The “Lazy” Southerner: Sloth or Anemia?

Since the postbellum period, Americans south of the Mason Dixon line have been widely stereotyped as lazy and unmotivated. Academics of the 20th century even pondered if this trope was a reflection of the genetic inferiority of southerners when compared to the “industrious” Yankees of the north. Regardless of the details, many people assumed that … More The “Lazy” Southerner: Sloth or Anemia?

MSG Myth Debunked

  Today there has been a touchy subject to people that love to go out to eat at Chinese/American restaurants but refuse to go eat at them due to the fact of one key ingredient. This keystone ingredient is called monosodium glutamate (also referred to as MSG) which is a naturally occurring non-essential amino acid … More MSG Myth Debunked

A Review of the Claire Armstrong et al. Paper

    The Claire Armstrong et al. paper entitled “Genomic associations with bill length and disease reveal drift and selection across island bird populations” contains a lot of jargon that might prove difficult for the average person to fully comprehend. Here, I will attempt to break down the key points of the paper. The goal … More A Review of the Claire Armstrong et al. Paper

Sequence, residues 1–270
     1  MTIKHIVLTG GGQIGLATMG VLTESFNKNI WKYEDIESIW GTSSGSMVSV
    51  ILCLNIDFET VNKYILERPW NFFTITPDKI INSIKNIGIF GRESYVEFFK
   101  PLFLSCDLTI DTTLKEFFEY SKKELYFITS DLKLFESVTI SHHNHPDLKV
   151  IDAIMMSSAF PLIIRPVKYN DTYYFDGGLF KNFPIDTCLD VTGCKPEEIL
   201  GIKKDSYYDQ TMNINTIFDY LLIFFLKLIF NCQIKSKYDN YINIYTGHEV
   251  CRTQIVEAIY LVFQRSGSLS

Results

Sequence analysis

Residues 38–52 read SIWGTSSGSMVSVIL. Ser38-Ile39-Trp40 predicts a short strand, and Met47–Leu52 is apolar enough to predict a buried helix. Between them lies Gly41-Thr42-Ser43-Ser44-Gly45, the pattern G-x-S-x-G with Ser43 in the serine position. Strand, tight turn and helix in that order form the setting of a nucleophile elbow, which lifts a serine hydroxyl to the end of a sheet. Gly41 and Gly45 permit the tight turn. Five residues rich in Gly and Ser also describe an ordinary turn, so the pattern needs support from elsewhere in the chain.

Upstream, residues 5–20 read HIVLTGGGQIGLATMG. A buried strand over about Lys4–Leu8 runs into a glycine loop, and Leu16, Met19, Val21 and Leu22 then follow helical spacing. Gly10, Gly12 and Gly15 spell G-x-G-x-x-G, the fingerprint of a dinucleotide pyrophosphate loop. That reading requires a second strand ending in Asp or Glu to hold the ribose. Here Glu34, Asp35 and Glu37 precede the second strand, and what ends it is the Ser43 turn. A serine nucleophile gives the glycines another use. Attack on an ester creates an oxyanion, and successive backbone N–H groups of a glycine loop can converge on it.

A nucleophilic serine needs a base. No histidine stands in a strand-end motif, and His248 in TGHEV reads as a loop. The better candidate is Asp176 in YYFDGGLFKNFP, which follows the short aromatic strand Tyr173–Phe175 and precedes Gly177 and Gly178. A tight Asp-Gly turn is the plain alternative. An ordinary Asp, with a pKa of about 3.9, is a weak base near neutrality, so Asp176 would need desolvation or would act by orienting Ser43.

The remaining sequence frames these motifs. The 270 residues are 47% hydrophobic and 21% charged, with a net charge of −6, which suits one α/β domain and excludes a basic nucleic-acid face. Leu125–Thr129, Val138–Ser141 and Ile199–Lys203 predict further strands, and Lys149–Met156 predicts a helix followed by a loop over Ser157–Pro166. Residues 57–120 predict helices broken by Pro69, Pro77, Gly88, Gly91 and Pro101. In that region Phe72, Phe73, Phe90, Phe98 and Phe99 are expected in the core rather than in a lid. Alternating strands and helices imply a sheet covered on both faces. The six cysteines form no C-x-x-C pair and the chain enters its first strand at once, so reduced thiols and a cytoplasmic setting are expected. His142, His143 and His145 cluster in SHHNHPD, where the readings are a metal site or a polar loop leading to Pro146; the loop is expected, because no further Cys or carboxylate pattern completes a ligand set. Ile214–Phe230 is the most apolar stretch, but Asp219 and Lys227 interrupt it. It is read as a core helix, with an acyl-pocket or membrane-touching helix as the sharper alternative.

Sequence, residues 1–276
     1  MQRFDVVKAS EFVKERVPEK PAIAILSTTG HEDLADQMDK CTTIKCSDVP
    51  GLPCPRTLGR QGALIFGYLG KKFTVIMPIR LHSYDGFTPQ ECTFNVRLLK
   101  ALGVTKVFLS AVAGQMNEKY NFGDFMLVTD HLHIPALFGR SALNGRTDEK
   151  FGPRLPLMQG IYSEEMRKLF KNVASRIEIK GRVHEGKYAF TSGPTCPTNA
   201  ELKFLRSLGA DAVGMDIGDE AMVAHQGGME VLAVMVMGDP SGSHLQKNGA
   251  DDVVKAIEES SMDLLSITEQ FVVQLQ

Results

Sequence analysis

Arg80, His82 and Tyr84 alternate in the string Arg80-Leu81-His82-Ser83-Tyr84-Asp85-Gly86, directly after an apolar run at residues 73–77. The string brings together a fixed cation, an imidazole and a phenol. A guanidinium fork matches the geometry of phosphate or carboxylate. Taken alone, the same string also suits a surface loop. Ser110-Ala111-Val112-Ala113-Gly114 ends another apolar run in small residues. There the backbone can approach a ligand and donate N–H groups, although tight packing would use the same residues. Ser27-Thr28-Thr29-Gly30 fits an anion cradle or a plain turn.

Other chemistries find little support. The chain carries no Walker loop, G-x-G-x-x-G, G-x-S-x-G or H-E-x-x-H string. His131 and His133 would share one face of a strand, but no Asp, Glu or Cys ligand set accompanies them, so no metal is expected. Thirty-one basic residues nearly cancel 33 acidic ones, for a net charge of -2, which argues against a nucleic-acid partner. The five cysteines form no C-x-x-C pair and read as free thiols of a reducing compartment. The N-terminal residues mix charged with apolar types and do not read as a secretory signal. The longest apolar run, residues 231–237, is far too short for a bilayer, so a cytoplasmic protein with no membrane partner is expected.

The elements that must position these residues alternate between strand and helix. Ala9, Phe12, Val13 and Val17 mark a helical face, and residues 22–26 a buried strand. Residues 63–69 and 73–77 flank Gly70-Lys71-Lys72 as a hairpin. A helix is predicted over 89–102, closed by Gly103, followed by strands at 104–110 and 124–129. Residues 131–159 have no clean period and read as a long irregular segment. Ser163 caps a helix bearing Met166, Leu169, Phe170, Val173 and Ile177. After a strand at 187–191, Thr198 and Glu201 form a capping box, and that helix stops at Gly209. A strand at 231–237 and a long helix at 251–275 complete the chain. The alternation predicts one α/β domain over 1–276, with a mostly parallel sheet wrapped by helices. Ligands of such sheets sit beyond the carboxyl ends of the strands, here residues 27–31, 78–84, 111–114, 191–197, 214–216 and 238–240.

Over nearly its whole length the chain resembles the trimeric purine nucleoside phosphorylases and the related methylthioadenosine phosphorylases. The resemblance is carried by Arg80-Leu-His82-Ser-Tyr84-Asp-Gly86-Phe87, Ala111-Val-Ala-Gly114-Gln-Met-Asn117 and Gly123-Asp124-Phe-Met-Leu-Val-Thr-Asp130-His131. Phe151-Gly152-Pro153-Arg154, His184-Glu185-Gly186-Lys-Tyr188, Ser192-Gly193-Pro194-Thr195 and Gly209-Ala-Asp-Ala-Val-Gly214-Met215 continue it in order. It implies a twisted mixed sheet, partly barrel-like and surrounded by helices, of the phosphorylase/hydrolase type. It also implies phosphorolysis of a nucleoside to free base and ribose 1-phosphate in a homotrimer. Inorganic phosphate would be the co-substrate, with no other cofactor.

Crow No!

A flock of thousands upon thousands of crows have been seen around the campus of the University of Pittsburgh over the past two years. The flock appears in late October and comfortably exploits the resources of a city ecosystem until February or March, when they move further west to find more rural places to roost … More Crow No!

Scaley Little Mammals – Delicious but Harmful?

Once thought to be an extremely contagious and disease that left people outcasted from society is leprosy. Otherwise known as Hansen’s disease, if untreated it can cause nerve damage which results in crippling of extremities. The individual may have multiple injuries due to the paralysis and the body may reabsorb fingers or toes over time. … More Scaley Little Mammals – Delicious but Harmful?